What would happen if the Arctic sea ice kept falling to, say, under 11 million square km by end April and then followed a trajectory similar to 2012 for the next four months? As the animation below shows, such a scenario could wipe out all Arctic sea ice for more than a month from September 1st, 2015.
|Sea ice thickness image, Naval Reserach Laboratory|
So, what would happen if the sea ice was wiped out like that?
Sunlight that previously went into melting the sea ice, as well as sunlight that was previously reflected back into space by sea ice, would be absorbed by the Arctic Ocean instead. In other words, we can expect massive warming. In an earlier post, Prof. Peter Wadhams warned that warming due to Arctic snow and ice loss may well exceed 2 W per square m, i.e. it could more than double the net warming causing by all emissions by all people of the world.
|Professor Peter Wadhams on albedo changes in the Arctic|
As a result, electricity supply could stutter, and much industrial activity may stop, while there may be lots of traffic problems, etc. This is only one of the problems, though, as discussed in the 2007 post Ten Dangers of Global Warming. Food supply will come under threat due to crop loss and reduced supply of food to shops, made worse by traffic problems. As discussed back in 2011, much of the soot from firestorms in Siberia could settle on the ice in the Himalaya Tibetan plateau, melting the glaciers there and causing short-term flooding followed by rapid decrease of the flow of ten of Asia’s largest river systems that originate there, with more than a billion people’s livelihoods depending on the continued flow of this water.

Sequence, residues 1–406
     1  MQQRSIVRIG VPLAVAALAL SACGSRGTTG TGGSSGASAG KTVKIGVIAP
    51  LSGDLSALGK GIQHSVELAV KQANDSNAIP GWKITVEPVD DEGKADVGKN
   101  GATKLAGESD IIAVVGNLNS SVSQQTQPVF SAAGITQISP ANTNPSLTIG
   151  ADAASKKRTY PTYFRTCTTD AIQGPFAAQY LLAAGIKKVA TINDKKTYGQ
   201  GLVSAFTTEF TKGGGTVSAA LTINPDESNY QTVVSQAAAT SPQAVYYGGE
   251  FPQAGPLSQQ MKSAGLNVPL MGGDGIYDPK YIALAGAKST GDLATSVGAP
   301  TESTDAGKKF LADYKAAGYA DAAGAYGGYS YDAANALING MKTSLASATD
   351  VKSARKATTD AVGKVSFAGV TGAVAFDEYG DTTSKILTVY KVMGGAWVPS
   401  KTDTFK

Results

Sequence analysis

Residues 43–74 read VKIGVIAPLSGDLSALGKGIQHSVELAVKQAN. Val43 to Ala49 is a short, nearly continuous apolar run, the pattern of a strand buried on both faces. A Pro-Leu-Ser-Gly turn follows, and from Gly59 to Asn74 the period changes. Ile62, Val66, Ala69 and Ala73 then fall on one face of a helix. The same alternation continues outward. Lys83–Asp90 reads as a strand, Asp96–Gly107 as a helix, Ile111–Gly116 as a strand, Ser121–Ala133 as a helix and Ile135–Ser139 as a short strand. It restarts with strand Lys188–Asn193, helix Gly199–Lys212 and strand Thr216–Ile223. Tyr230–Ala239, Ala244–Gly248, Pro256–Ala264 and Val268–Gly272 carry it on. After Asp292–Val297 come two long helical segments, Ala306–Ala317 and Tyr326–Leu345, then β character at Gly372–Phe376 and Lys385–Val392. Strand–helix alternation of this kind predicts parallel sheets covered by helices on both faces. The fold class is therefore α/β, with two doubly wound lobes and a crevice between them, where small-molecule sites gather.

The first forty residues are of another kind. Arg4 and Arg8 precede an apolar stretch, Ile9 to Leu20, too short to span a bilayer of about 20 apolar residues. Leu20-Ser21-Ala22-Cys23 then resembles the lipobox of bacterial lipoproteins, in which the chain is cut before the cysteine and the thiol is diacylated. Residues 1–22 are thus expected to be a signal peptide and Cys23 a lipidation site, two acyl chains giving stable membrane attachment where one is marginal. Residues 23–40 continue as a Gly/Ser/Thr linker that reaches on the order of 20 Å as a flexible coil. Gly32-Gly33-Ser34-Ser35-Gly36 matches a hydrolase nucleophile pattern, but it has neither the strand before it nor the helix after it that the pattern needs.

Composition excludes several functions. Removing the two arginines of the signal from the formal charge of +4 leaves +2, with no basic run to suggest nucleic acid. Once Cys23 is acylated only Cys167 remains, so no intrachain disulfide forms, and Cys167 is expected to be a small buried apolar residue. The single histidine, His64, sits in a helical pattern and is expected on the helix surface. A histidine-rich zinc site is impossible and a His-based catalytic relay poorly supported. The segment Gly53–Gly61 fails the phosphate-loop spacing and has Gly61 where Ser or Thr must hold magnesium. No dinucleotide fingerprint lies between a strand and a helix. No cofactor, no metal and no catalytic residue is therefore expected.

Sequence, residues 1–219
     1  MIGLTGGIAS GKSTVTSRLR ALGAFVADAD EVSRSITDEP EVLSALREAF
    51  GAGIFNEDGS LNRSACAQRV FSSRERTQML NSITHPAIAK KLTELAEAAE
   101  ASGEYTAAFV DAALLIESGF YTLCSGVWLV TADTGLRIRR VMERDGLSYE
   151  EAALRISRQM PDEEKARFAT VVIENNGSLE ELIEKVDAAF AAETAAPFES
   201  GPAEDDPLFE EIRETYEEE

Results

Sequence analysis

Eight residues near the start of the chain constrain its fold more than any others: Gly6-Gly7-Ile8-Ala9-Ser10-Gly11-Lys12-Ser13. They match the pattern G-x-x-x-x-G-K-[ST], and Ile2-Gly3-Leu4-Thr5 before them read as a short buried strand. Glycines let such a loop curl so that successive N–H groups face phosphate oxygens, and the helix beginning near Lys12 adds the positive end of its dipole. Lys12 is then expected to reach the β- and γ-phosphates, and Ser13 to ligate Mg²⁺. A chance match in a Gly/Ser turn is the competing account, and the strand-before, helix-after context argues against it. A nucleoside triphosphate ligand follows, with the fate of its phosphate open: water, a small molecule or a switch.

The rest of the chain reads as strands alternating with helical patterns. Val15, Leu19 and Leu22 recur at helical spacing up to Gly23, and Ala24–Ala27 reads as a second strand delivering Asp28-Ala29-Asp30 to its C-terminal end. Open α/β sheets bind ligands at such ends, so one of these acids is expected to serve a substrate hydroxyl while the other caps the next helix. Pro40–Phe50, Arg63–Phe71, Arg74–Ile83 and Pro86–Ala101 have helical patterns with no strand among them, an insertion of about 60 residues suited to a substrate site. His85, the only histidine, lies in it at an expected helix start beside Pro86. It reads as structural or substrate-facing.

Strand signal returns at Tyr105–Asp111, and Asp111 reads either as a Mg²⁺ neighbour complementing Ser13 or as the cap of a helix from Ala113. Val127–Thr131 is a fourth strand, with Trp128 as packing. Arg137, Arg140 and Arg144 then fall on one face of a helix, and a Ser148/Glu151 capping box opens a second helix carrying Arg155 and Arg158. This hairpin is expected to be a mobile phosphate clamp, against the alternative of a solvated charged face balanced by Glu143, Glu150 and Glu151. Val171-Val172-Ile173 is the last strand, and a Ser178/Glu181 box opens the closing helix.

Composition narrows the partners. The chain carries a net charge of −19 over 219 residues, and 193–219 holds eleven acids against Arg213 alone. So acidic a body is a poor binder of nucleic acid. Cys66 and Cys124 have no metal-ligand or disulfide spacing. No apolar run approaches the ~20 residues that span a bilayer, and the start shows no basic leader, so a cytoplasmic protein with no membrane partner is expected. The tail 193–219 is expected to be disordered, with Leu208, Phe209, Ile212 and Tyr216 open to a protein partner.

Less industrial activity will not cause an immediate fall of tenmperatures, though. Instead, it would make that the aerosols that are currently sent up in the air by such activities and that are currently masking the full wrath of global warming, will fall out of the air in a matter of weeks. Until now, about half of the global temperature rise is suppressed by such aerosols. Stopping aerosols release overnight could make temperatures rise abruptly by 1.2°C (2.16°F) in a matter of weeks.
Methane eruptions from the seafloor of the Arctic Ocean typically start becoming huge around the end of October.
|Conclusion from a paper presented at the 2008 EGU conference, on background|
of a frame from a video interview by Nick Breeze with Natalia Shakhova.
Further warming of the Arctic Ocean could cause methane to erupt from the seafloor of the Arctic Ocean in quantities that could quickly double and tripple the amount of methane in the atmosphere.
The combined impact of such feedbacks could wipe out crops, deplete water supplies and make a huge number of species go extinct very quickly, including human beings.
In conclusion, the situation is dire and calls for comprehensive and effective action, as discussed at the Climate Plan blog.